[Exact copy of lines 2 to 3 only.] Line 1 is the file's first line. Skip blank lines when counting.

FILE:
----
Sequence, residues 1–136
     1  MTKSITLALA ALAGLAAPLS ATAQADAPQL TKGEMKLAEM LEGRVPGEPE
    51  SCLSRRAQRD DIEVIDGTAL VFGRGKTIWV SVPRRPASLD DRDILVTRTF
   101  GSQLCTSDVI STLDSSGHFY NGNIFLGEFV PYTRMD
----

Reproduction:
     1  MTKSITLALA ALAGLAAPLS ATAQADAPQL TKGEMKLAEM LEGRVPGEPE
    51  SCLSRRAQRD DIEVIDGTAL VFGRGKTIWV SVPRRPASLD DRDILVTRTF